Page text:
A two-channel, class A, EL84-equipped 1x12 combo, this 30-watt amp is packed with features and is easy and intuitive to operate.
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Clean - Toggling through each of the channel pre-gain voicing profiles: Bloom, Brite, and Spank. Power - 30W, Boost Off. Slash Les Paul, both pups.
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Fat Mode. Power - 30W, Boost Off. Fender VG Strat, middle pickup.
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High Gain - Crisp Mode. Power - 18W, Boost On. Schecter Solo-6, bridge pickup.
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Reverb - Spank Mode. Power - 18W, Boost On. Fender VG Strat, bridge & middle pups.
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Rock - Fat Mode. Power - 18W, Boost On. PRS Starla X, bridge pickup.
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Smooth Mode. Power - 30W. Boost Off. Fender VG Strat, neck pickup.
|All clips recorded directly into the Fryette amp (guitar specific to clip) mic'ed with a Shure SM57 into Digidesign Pro Tools|
The newest model from Fryette Amplification is the Memphis Thirty. A two-channel, class A, EL84-equipped 1x12 combo, this 30-watt amp is packed with features and is easy and intuitive to operate.
The Big Picture
The Memphis Thirty’s two channels—Drive and Clean—sport independent passive Treble, Middle, and Bass tone controls and a Volume control. The Drive channel also has a Gain knob. The amp features a master Reverb control for the custom, tube-driven, three-spring reverb tank, a series/parallel effects loop with level control and true bypass, a line-out jack, 16-ohm and parallel 8- or 4-ohm external speaker jacks, and a proprietary 12" Eminence speaker.
Each channel has a Power Shift switch for 30- or 18-watt operation. Using the amp’s footswitchable channel-select feature, you can not only toggle between the Drive and Clean channels, but also switch output wattage. And the Memphis Thirty is self-biasing, so the power tubes stay happy regardless of the output setting.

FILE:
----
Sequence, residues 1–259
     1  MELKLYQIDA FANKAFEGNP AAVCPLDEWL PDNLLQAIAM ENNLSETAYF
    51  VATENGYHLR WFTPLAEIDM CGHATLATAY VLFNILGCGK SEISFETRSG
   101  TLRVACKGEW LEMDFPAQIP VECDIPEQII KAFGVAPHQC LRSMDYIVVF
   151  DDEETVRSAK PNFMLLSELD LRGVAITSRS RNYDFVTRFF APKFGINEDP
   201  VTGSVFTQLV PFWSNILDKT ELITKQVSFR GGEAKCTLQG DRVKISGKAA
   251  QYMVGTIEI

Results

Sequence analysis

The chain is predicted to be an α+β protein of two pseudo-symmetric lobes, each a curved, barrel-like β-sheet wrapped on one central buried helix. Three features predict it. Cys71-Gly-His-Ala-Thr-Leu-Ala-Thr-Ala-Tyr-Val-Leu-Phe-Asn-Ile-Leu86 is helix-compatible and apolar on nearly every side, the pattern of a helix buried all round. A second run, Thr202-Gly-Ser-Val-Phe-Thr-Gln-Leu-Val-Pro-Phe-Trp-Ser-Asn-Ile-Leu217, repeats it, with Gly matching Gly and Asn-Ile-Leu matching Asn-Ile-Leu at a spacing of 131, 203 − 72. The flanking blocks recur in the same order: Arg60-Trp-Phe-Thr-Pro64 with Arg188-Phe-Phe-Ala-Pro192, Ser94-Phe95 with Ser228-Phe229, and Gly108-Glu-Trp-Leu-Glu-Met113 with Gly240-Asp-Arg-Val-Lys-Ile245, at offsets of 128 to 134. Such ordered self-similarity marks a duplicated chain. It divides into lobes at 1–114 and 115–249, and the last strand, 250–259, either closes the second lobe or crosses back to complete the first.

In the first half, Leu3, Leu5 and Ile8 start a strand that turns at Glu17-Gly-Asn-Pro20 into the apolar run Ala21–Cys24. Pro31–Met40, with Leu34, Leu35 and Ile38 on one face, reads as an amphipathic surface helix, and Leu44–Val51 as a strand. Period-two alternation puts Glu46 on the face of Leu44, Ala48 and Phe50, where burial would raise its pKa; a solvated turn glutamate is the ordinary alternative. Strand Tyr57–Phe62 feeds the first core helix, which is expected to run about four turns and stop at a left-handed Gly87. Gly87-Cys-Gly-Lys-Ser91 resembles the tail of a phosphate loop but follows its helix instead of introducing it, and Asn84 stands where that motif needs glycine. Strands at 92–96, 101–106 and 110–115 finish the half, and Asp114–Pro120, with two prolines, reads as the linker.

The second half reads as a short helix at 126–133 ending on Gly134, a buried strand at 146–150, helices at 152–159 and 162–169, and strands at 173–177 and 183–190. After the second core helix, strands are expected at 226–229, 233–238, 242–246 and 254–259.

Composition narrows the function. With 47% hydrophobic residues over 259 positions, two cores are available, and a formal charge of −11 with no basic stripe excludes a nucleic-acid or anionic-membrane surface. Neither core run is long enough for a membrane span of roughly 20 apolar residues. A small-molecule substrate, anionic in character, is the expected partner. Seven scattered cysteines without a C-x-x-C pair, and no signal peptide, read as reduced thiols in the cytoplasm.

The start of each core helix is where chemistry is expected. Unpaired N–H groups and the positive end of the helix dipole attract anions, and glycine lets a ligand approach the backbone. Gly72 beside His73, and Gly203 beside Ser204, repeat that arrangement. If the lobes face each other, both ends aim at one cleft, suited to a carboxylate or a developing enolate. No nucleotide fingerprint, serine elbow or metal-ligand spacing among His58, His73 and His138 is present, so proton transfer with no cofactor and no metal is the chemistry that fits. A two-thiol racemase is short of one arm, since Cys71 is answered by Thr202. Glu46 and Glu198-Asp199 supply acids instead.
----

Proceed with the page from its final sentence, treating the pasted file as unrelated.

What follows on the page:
The output selection affects response, as well as loudness. In 30-watt mode, there is a little more clarity in the tone, with a bold, lower midrange and fast attack. With its lower operating voltage, the 18-watt setting smoothes out the response of the power tubes, resulting in a sweeter, rounder sound and slower attack.
Both Drive and Clean channels offer a selectable voicing feature. Using a pair of threeway switches on the front panel, you can choose between Smooth, Crisp, or Fat voicings in the Drive channel, and Bloom, Brite, or Spank voicings in the Clean channel.
Dialing in the Dirt
I wasted no time plugging in my Les Paul and firing up the Memphis Thirty. I usually call up an amp’s high-gain channel first for some instant gratification, and the Memphis Thirty didn’t disappoint. After selecting the Fat voicing and cranking up the gain, I was welcomed with a heavily distorted rock tone that was just on the border of high-gain metal. This amp can get loud. Even at only 2 or 3, the volume was enough to shake the ceiling tiles. I was amazed at the Gain control’s sensitivity. From a crunchy, classic rock tone to a dirtier blues-rock wail to a metal grind, the Memphis Thirty seemed capable of handling it all with no problems. The gain remained clear and punchy through all the tweaking of EQ and voicing modes, and the sound never got flabby or muddy.
When I switched to my Strat, I was very impressed with how the single-coils sounded through the Drive channel. Cranking the gain made them sustain like humbuckers. The Smooth voicing sounded great with the Strat, especially when I backed off the gain a bit for a medium overdrive rock tone. Soapbar pickups gave me some of my favorite sounds. I coaxed great British rock tones out of the Memphis Thirty, as well as fat, juicy distortion that would make any grunge or punk fan happy. The soapbar pickups responded well, and while soloing I was able to get some cool feedback.